Filing a medical malpractice claim is important for two reasons. The first, most importantly, is that you are compensated for the pain and suffering you and your family have had to endure as a result of a physician or hospital’s negligence. Secondly, filing a medical malpractice claim against a medical professional or hospital can hopefully lessen the chances that someone else will suffer the same harm you did in the future. One common question we’re often asked is how long after sustaining a medical injury can you file a claim? Learn more below.
What is the Statute of Limitations on Filing a Medical Malpractice Claim?
Florida residents have two years from the date the malpractice occurred or the date that the harm was discovered to file a claim. However, Florida also adheres to what’s known as the “Statute of repose.” The statute of repose states that the medical malpractice claim should be filed within four years of the malpractice being committed. Simply put, Florida law believes that any discovery of medical malpractice should have been made within four years. However, there are exceptions to every rule. In cases where the doctor or medical professional tried to cover up their negligence or committed fraud, these general timeframes may not be set in stone.
What if My Child Suffered Medical Malpractice?
As a parent, one of the most devastating things to learn is that your child was the victim of medical malpractice. However, parents may not realize that their child has suffered any harm until certain milestones aren’t met. One of the most common examples is cerebral palsy, which is one of the most common birth injuries that are sustained.
If a physician improperly uses a delivery tool such as a vacuum or forceps or fails to detect any fetal heart changes or prolapsed umbilical cord, the child may develop cerebral palsy. However, despite this, parents may not know that anything is wrong until their child fails to meet certain age-appropriate milestones such as crawling, walking and rolling over. In many cases, a child is diagnosed with cerebral palsy when they are two years old. As such, parents have two years from the date they discovered the injury to file a claim up until the child’s eighth birthday.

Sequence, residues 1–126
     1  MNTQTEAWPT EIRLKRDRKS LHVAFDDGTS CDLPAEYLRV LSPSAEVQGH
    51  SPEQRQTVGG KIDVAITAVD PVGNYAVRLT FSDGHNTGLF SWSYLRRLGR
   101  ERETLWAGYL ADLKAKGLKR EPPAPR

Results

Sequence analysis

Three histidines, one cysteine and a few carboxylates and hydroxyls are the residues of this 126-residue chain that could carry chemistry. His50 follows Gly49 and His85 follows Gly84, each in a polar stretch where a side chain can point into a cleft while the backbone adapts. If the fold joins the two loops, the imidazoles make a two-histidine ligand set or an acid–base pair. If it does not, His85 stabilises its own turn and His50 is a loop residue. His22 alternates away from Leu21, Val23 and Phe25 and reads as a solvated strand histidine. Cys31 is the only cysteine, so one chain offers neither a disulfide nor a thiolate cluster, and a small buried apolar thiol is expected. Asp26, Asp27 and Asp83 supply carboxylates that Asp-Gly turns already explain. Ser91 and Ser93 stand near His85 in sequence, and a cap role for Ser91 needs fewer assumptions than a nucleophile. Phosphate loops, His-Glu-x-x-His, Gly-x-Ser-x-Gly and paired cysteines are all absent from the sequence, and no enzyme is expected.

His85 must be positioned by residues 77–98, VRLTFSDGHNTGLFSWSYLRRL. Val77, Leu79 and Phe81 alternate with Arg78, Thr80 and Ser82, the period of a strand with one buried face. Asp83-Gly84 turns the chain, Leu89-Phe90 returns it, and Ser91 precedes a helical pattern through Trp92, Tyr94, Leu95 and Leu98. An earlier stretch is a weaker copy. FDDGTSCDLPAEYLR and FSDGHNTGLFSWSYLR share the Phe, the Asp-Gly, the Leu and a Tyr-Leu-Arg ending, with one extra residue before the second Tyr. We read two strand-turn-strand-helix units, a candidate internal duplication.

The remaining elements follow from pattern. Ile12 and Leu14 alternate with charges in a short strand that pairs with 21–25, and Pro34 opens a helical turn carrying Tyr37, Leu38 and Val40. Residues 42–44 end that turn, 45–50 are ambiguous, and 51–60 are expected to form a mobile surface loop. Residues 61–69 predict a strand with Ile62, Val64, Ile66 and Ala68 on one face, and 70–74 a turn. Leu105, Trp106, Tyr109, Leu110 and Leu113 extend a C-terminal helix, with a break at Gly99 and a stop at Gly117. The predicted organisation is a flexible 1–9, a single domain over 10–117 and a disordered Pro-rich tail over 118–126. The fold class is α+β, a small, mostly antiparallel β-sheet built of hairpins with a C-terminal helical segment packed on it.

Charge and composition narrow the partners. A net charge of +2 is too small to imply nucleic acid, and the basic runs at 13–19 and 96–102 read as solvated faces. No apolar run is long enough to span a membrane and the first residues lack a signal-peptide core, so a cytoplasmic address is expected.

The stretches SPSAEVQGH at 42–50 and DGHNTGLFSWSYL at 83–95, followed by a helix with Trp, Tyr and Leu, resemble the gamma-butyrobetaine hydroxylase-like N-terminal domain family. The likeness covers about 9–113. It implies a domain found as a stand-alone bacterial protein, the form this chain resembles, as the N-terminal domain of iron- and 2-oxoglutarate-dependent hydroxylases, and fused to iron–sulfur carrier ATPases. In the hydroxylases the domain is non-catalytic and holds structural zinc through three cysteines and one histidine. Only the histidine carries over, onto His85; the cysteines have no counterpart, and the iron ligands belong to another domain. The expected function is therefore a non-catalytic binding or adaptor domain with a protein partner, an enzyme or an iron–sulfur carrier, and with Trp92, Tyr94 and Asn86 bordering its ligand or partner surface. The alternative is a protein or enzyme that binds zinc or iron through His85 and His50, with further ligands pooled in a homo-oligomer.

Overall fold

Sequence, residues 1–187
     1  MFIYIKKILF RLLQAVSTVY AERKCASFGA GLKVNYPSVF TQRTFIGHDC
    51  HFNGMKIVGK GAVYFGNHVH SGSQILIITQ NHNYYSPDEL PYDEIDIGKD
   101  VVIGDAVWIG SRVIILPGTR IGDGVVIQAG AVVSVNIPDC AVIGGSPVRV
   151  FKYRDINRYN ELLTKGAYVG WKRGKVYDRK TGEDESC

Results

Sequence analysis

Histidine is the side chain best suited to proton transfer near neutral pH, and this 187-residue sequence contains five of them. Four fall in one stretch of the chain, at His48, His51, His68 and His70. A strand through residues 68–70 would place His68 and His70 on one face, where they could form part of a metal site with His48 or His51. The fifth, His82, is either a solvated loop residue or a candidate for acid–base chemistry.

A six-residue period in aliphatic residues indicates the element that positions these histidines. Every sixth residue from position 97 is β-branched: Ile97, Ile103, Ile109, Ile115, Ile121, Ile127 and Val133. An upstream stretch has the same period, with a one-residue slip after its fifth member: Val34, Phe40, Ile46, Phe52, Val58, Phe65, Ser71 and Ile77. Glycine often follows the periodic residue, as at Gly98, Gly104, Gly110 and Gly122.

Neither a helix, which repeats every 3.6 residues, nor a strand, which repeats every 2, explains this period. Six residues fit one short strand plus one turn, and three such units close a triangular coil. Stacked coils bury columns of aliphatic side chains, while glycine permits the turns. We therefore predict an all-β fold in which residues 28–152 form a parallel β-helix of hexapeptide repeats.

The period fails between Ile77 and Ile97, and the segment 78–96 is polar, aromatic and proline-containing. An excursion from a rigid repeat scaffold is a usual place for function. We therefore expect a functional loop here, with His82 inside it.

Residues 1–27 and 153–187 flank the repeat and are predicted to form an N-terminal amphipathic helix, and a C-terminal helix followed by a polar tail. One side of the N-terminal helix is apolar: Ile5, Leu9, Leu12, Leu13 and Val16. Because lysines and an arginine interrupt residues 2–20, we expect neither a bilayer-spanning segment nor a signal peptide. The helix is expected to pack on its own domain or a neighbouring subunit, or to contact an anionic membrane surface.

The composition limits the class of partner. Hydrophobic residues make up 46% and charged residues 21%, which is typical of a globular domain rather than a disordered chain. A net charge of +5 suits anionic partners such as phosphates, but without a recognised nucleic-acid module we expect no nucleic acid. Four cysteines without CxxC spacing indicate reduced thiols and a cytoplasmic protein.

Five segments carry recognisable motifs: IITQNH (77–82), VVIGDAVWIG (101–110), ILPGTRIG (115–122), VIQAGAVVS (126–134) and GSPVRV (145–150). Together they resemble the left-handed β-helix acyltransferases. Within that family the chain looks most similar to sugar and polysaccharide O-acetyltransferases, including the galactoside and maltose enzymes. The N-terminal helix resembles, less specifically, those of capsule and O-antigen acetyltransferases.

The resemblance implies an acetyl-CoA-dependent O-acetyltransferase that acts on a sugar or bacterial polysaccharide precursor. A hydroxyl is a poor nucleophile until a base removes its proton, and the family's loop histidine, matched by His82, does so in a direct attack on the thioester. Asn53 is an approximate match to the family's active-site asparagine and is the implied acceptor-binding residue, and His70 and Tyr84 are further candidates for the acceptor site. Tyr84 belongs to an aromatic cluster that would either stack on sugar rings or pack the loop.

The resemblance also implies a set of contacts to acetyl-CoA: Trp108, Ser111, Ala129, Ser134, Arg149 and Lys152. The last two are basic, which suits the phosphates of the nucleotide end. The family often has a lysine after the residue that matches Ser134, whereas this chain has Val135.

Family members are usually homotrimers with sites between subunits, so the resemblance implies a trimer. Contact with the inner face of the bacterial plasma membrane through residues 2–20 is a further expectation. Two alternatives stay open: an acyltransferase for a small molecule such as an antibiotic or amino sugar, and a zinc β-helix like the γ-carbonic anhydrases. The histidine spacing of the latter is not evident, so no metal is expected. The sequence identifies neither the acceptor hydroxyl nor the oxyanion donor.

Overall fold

If you suspect that you or your child was the victim of medical malpractice, it’s important to consult with an attorney as soon as possible. Once the window closes to file a claim, you will be unable to pursue any sort of compensation. Unfortunately, many individuals who suffer an injury as a result of medical malpractice are unable to return to work, complete routine tasks and require ongoing medical treatment, which can be extremely costly. You shouldn’t have to pay for someone else’s mistakes. Let the team at Lawlor, White & Murphey help.
Contact a Fort Lauderdale Personal Injury Lawyer to Discuss Your Medical Malpractice Case in Florida
Did you or a loved one sustain a serious injury as a result of medical malpractice in Florida? Don’t let the medical bills pile up while you wait for the negligent party or their insurance company to do the right thing. Right now, you need an aggressive personal injury attorney on your side, fighting to get you the compensation you need, want, and deserve. The skilled attorneys at Lawlor, White & Murphey represent clients who have been injured due to medical malpractice in Broward, Dade, Palm Beach Counties, and throughout Florida. Call 954-525-2345 or fill out our online contact form to schedule a free consultation about your case. We have an office conveniently located at 2211 Davie Boulevard, Fort Lauderdale, FL 33312 as well as offices in Pembroke Pines, Weston, Coconut Creek, Pompano Beach and Plantation.
The articles on this blog are for informative purposes only and are no substitute for legal advice or an attorney-client relationship. If you are seeking legal advice, please contact our law firm directly.